Examples that explain why the Jews did not think they were in real danger.How did they maintain an optimistic attitude until arrival at the camps?

Asked on by cconlon123

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Ashley Kannan | Middle School Teacher | (Level 3) Distinguished Educator

Posted on

This is a very interesting question.  There might be a line of logic which suggests that part of the reason that so many of those who entered the camps maintained such a positive attitude was caused by a sense of denial.  The notion here is the idea that individuals who kept a positive and strong demeanor could have done so in the idea of denying the truth of how bad things really could be.  This could have been a defense mechanism because the full grasp of the horror that awaited was far too awful to contemplate and to internalize.  The belief that "it cannot be so bad" or "they would not do that to us" or "how do we know this is going to happen" are all examples of the denial that is present in the thinking of those who were subjected to the camps.  At the same time, I do not think that it was all denial.  There was a sense of religious faith that many clung to in this difficult time and within the idea religion and redemption, there could be a sense of positivity towards their predicament.

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brettd | High School Teacher | (Level 2) Educator Emeritus

Posted on

The Germans were also very systematic in their approach to the genocide that was the Holocaust.  Part of that approach included misleading the Jews until the very last possible moment.  They were told they were being "resettled in the East", and "Arbeit Macht Frei" work would set them free.  They were told they would be taking showers when they arrived in the death camps, when in fact many were being gassed instead.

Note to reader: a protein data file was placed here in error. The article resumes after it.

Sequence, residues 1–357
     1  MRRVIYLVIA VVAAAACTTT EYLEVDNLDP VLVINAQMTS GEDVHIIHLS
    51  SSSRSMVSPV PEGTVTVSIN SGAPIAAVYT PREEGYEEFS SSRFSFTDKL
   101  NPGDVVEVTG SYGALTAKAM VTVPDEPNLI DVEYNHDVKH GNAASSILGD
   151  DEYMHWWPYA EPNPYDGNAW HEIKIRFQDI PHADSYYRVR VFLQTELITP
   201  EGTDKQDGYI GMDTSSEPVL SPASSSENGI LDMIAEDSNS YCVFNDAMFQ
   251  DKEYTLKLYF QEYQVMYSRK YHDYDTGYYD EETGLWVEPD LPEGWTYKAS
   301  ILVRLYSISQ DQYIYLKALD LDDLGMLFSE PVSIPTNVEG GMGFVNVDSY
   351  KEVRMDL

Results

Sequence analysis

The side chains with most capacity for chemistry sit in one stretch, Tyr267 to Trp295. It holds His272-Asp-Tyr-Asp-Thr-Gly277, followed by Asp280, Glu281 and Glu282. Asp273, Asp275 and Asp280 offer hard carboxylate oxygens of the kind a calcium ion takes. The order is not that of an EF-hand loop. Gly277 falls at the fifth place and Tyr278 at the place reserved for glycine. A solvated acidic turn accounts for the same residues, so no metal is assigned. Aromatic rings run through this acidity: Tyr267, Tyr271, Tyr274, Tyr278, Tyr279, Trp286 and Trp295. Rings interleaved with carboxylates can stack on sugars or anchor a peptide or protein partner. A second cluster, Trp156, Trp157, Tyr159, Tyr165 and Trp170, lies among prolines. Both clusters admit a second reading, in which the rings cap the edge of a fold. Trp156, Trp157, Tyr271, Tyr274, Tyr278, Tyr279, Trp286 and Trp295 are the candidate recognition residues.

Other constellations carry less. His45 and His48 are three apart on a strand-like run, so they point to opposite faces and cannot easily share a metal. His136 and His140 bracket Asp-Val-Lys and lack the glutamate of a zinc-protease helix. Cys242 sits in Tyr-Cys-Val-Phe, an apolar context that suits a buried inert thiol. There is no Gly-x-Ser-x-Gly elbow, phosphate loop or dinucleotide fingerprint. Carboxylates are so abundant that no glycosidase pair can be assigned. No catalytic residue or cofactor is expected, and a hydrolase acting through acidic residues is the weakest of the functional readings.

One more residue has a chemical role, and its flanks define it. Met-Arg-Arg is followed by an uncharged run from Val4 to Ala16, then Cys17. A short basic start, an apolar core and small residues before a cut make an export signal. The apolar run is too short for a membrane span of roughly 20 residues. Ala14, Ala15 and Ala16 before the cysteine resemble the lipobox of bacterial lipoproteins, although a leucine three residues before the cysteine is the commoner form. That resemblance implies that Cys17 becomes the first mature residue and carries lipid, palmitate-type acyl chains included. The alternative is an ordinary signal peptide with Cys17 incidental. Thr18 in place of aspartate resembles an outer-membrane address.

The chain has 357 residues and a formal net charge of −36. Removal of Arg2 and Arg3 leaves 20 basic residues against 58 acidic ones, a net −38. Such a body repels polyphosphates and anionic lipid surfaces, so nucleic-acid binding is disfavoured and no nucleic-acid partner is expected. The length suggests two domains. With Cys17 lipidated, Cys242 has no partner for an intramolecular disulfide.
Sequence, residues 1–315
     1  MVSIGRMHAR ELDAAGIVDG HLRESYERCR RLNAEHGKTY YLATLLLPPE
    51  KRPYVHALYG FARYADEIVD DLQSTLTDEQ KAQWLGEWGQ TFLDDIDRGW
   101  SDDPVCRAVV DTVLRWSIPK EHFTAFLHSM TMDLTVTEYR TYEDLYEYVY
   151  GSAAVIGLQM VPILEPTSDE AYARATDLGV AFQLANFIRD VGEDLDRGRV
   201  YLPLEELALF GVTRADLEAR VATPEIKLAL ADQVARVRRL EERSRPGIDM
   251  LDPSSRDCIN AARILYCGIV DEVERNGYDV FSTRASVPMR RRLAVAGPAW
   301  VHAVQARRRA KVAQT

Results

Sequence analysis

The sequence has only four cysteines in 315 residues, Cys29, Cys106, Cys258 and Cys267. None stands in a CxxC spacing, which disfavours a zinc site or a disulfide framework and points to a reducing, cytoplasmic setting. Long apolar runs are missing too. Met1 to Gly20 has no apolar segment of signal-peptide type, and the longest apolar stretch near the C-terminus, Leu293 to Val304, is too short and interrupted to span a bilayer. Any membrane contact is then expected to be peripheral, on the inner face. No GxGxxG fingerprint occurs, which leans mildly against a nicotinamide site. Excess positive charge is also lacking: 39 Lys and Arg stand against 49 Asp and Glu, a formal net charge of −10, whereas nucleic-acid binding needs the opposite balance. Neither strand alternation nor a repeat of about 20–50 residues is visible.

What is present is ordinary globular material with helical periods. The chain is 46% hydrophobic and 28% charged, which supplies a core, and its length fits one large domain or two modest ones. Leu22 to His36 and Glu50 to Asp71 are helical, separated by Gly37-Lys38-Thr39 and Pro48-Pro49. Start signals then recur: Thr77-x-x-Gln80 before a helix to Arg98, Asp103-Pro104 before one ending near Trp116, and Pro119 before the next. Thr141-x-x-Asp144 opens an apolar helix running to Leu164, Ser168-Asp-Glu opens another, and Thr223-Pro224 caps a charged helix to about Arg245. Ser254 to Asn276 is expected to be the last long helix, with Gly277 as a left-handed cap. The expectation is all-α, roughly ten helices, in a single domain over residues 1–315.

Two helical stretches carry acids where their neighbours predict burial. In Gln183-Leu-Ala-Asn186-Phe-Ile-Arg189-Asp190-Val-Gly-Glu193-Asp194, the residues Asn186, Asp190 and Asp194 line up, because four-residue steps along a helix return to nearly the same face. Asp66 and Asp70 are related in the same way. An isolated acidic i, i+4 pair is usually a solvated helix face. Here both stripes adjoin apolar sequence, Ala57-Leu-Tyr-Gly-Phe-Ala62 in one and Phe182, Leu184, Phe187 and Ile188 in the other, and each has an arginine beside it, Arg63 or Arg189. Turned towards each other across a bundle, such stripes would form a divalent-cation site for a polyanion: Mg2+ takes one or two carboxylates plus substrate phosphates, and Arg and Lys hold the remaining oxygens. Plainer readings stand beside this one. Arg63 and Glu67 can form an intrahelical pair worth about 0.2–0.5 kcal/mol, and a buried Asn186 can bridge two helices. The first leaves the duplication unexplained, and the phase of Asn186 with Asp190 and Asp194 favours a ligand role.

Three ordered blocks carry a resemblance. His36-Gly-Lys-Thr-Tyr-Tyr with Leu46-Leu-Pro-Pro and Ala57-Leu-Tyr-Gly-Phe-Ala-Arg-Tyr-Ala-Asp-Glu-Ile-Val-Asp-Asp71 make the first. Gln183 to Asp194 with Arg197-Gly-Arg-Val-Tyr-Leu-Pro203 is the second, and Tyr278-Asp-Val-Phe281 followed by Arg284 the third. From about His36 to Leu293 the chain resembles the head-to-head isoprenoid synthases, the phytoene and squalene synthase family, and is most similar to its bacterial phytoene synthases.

There is a very strong human tendency not to wantto believe the worst in possible, and the Germans very systematically gave them an option that seemed more hopeful.

Add to this the fact that Jews had been persecuted in Europe for 600 years by that point, and while it was horrible to endure, such persecution had always eventually passed.  Jews wanted to believe this was just a difficult period that would get better if they just waited it out.

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mkcapen1 | Middle School Teacher | (Level 3) Valedictorian

Posted on

In the book Night the Jews to be deported first were the foreign Jews.  The Jewish people who had ancestry in the country had no idea that Germany was going to harm them.  Many of them had fought in World War I and many others had held high positions in government. 

It was also not conceivable to the average human being that mankind could be capable of such horrible acts against another person.  They were also consistently lied to by the soldiers who told them they would be moved to a new place for safety or so they could work and that they would be alright.

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